In a statement posted on December 9 — International Anti-Corruption Day — the U.S. Treasury Department designated Raimbek Matraimov for sanction under the Global Magnitsky Act.
Matraimov, a former deputy customs official, has long been the subject of rumors of corruption. The apparent great wealth of his family, despite his public job, earned him the nickname “Raim Millionaire” on Kyrgyz social media. Then last year a joint investigation by RFE/RL’s Kyrgyz Service, the Organized Crime and Corruption Reporting Project, and Kloop, a Kyrgyz news site, put meat on the bones of the rumors.
The designation of Matraimov comes just a few days after U.S. Ambassador to Kyrgyzstan Donald Lu, in the context of remarks delivered at a media awards ceremony, directly called out “Raim Million.”
What has been the most important Kyrgyz news story of the past 18 months since our last awards ceremony? Elections? Coronavirus? Revolution? No.
The single most important story of the past 18 months has been the investigative journalism about the criminal empire of Raim Million.
The RFE/RL-OCCRP-Kloop investigation implicated Matraimov as a key part of an underground cargo empire run by a powerful Uyghur family, the Abdukadyrs. The Treasury Department press release accompanying the designation notes that Matraimov, in his position in the customs service, aided a “company” (presumably the Abdukadyrs) in evading customs fees.
The company would bribe customs officials, and, in return, these customs officials would clear more expensive products as low-value goods allowing for maximum profits. Additionally, the company’s goods would pass more quickly through customs terminals. The goods of other companies, not associated with this company and not paying bribes, would often be thoroughly inspected, unloaded from the trucks, and sit in customs warehouses for weeks, if not months.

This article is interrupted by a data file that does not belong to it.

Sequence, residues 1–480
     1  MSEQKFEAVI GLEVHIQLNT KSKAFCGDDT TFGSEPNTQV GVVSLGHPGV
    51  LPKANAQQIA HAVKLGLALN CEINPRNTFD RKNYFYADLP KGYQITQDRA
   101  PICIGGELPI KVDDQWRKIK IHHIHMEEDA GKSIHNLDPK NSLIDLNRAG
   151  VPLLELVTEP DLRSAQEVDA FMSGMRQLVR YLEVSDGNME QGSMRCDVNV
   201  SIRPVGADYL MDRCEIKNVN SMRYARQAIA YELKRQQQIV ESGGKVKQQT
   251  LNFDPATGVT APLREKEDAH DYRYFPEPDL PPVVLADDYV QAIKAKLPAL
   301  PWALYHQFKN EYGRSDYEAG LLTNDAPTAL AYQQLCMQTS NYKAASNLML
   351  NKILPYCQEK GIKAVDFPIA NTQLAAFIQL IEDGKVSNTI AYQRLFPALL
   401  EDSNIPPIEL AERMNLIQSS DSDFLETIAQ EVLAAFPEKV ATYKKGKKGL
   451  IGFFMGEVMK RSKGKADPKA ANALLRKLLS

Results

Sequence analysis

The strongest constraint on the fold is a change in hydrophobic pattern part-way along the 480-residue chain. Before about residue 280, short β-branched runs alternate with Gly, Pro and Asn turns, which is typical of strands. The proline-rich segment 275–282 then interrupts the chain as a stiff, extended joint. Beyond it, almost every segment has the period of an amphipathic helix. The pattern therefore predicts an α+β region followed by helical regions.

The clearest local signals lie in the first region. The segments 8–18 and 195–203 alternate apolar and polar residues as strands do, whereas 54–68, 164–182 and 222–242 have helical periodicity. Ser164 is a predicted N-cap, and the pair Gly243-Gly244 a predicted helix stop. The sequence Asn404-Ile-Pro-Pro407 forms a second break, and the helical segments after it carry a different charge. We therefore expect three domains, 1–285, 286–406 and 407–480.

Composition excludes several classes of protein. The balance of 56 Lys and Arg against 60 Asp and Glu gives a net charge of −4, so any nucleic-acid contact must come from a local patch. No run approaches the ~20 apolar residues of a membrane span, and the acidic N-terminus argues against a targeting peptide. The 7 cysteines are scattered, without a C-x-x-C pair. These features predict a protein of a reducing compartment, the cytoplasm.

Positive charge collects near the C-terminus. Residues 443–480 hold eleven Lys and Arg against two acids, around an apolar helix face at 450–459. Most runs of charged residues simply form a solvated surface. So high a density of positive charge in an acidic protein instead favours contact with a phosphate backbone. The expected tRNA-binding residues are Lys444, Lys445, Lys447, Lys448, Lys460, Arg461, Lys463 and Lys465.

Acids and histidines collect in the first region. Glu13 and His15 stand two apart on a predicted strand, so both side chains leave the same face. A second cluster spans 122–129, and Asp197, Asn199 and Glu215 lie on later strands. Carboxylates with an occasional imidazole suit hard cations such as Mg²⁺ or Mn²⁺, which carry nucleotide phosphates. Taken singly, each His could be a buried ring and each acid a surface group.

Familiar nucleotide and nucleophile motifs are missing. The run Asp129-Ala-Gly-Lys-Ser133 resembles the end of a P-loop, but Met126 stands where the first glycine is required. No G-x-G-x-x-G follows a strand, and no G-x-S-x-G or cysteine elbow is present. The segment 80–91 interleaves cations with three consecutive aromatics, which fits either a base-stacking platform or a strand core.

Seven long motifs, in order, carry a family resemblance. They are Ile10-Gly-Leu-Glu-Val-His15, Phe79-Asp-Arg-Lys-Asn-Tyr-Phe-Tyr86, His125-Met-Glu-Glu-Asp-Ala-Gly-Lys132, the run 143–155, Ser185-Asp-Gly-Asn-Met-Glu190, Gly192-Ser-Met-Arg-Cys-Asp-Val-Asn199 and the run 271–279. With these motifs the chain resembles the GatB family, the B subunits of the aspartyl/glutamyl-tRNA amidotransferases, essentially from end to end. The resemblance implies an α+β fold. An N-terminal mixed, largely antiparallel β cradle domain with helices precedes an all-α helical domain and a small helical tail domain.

His involvement didn’t stop there, either. A Chinese-born Uyghur businessman, Aierken Saimaiti, claimed to have laundered $700 million out of Kyrgyzstan, the proceeds of the Abdukadyrs’ illicit trading scheme, with the aid of Matraimov. Saimaiti provided ample evidence to support his claims to journalists. Then he was assassinated in Istanbul in November 2019. Eleven days later the investigation’s first reports were released.
After the first report landed, Kyrgyz citizens took to the streets despite chilly temperatures and snowy winds to protest. As Colleen Wood wrote at the time, “Protestors carried posters with Matraimov’s face plastered on them and chanted ‘Down with Rayim!’”
Matraimov is described in the reporting as “widely seen as so powerful that he is essentially untouchable.” And he proved it: In the ensuing months Matraimov sued the media outlets that had conducted the investigation and the Kyrgyz government accused journalists involved of corruption. All the while, Matraimov remained a free man.